The Cortex Compute Engine has a robust system to specify properties and relationships between symbols.

These assumptions are used to select algorithms, to validate some simplifications and to optimize computations.

Defining New Assumptions

To make an assumption about a symbol, use the ce.assume() function.

For example, to indicate \(\beta \in \R\):

ce.assume(ce.parse("\\beta \\in \\R"));

// or:

ce.assume(["Element", "Beta", "RealNumber"]);

The head of the proposition can be one of the following:

Indicate the domain of a symbol
Inequality. Both sides are assumed to be RealNumber
Boolean expression. Using And is equivalent to using multiple assume() for each term of the boolean expression.

If the assume() function is invoked with two arguments, it is equivalent to ce.assume(["Element", <arg1>, <arg2>]).

ce.assume(["Element", "x", "RealNumber"); // same as ce.assume(["Element", "x", "RealNumber"])

The argument to the assume() function is a proposition. That proposition is analyzed and the fact it describes are recorded in the Compute Engine assumptions knowledge base. Some propositions can be described in several different but equivalent ways. You can use whichever form you prefer. Similarly, when querying the knowledge base later, you can use any form you’d like.

ce.assume(["Element", "x", "PositiveNumber"]);
// Equivalent to...
ce.assume(["Greater", "x", 0]);
// ... or ...
ce.assume(["Element", "x", ["Interval", ["Open", 0], "Infinity"]]);

Multivariate Assumptions

Assumptions are frequently describing the property of a symbol. However, it is also possible to describe relationships betwen multiple symbols.

ce.assume(ce.parse('xy + 1 = 0'))'

Using Assumptions to Declare Symbols

Before a symbol can be used in an expression, the symbol must be known by the Compute Engine. The definition of a symbol can be used for this purpose, but an assumption that defines a domain for the symbol is sufficient.

Default Assumptions

When creating an instance of a Compute Engine, the following assumptions are made:

Symbol Domain
a b c d
i j k
r t
x y
f g h Function
m n
p q
w z ComplexNumber

This list of assumptions make it possible to immediately use common symbols such as x or y without having to declare them explicitly.

To specify a different list of assumptions, use the assumptions option when creating a Compute Engine instance:

const ce = new ComputeEngine({
  assumptions: [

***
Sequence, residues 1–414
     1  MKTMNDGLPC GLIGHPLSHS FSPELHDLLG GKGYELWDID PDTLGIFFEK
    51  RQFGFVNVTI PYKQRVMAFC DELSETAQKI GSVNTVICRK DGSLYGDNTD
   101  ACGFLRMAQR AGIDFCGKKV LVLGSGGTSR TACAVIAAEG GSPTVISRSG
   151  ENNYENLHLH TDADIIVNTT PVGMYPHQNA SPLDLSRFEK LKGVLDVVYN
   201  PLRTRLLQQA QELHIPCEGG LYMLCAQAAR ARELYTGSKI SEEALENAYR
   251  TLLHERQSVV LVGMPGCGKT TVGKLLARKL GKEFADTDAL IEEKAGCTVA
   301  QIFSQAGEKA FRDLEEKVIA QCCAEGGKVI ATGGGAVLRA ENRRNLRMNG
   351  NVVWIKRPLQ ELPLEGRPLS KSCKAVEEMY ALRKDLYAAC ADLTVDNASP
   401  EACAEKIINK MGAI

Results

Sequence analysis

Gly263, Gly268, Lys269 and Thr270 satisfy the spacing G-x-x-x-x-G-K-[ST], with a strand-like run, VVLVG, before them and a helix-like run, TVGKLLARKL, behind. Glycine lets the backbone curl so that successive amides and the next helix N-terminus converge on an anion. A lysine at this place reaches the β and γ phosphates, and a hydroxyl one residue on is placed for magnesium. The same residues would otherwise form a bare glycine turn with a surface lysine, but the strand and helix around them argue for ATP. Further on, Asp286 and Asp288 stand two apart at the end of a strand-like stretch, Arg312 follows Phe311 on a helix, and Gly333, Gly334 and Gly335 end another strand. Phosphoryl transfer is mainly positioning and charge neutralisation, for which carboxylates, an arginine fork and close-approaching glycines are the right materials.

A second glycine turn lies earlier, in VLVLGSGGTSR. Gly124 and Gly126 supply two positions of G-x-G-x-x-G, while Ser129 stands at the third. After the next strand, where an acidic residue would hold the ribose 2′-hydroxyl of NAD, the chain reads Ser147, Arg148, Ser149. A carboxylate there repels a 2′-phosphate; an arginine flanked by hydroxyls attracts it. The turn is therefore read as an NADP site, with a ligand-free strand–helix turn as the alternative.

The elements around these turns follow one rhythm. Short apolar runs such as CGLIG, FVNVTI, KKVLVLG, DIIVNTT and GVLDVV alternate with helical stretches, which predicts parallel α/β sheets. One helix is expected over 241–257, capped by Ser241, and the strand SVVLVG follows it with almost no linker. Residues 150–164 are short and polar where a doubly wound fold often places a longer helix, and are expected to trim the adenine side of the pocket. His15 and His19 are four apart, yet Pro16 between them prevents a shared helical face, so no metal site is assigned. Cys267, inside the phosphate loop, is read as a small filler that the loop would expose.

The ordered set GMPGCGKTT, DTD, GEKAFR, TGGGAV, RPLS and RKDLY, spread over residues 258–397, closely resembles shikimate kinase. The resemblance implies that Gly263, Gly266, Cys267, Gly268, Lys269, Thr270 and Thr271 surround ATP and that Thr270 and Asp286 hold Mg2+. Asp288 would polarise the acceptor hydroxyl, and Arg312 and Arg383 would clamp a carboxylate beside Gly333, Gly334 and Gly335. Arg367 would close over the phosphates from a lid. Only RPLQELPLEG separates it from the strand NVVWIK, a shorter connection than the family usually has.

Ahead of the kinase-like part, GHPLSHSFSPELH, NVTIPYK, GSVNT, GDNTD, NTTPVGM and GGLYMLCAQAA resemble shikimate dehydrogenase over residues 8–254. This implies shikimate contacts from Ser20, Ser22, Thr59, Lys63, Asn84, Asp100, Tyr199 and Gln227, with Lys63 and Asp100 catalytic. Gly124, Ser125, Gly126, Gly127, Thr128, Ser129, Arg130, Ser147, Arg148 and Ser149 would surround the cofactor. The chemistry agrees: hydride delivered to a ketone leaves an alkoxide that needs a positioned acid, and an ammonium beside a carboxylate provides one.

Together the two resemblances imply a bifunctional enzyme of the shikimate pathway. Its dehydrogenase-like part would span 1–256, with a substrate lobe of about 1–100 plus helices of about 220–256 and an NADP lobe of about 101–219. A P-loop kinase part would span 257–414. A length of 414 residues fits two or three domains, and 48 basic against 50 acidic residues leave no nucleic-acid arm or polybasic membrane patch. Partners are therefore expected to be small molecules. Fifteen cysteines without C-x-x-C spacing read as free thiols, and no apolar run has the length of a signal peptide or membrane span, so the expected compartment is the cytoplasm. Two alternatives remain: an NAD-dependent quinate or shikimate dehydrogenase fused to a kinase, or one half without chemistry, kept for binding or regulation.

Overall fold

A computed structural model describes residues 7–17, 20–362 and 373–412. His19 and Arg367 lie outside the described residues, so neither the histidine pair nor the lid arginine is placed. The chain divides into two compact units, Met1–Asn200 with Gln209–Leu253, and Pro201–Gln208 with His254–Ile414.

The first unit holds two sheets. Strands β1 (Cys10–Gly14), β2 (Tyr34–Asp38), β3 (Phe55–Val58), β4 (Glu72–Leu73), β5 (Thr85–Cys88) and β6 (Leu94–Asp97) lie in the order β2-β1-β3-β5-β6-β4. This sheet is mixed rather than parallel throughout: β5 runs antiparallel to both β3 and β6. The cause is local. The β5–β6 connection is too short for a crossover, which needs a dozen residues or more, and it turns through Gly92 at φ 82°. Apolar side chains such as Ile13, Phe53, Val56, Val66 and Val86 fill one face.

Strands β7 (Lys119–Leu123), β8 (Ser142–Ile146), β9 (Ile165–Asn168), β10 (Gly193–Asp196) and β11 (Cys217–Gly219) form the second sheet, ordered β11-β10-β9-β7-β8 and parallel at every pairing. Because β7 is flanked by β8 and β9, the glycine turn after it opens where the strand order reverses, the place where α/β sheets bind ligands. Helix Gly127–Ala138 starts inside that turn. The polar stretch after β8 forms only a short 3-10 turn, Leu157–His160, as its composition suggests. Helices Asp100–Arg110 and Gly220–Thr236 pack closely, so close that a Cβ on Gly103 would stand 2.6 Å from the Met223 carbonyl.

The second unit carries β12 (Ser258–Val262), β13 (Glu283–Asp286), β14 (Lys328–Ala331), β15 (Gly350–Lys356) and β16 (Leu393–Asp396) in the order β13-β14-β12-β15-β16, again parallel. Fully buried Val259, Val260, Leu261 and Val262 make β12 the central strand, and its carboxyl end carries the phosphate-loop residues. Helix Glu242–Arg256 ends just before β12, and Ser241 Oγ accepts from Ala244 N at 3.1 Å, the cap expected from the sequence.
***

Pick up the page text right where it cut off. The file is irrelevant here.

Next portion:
["Element", "x", "Integer"],
    ["Element", "y", "Integer"],

To have no assumptions at all, set the assumptions option to null:

const ce = new ComputeEngine({ assumptions: null });

Testing Assumptions

To test if a particular assumption is valid, call the function.["Element", "x", "RealNumber"]);

As a shorthand, you can pass a symbol as a first argument and a domain as a second."x", "RealNumber"); // same as["Element", "x", 'RealNumber])"x", ["Range", 1, 5]);

The function return true if the assumption is true, false if it is not, and undefined if it cannot be determined.

While is appropriate to get boolean answers, more complex queries can also be made.

To query the assumptions knowledge base call the ce.ask() function.

The argument of ask() can be a pattern, and it returns an array of matches as Substitution objects.

// "x is a positive integer"
ce.assume(["Element", "x", "PositiveIntegers"]);

// "What is x greater than?"
ce.ask(["Greater", "x", "_val"]);

//  -> [{"val": 0}] "It is greater than 0"

Forgetting Assumptions

Each call to ce.assume() is additive: the previous assumptions are preserved.

To remove previous assumptions, use ce.forget().

  • Calling ce.forget() with no arguments will remove all assumptions.
  • Passing an array of symbol names will remove assumptions about each of the symbols.
  • Passing a symbol name will only remove assumptions about that particular symbol.
ce.assume(["Element", "\\alpha", "RealNumber"]);["Element", "\\alpha", "RealNumber"]);
// ➔  true

ce.forget("\\alpha");["Element", "\\alpha", "RealNumber"]);
// ➔  undefined

Scoped Assumptions

When an assumption is made, it is applicable to the current scope and all subsequent scopes. Scopes “inherit” assumptions from their parent scopes.

When exiting a scope, with ce.popScope(), all assumptions made in that scope are forgotten.

To temporarily define a series of assumptions, create a new scope.["Element", "\\alpha", "RealNumber"]);
// ➔ undefined


ce.assume(["Element", "\\alpha", "RealNumber"]);["Element", "\\alpha", "RealNumber"]);
// ➔  true

ce.popScope(); // all assumptions made in the current scope are forgotten["Element", "\\alpha", "RealNumber"]);
// ➔  undefined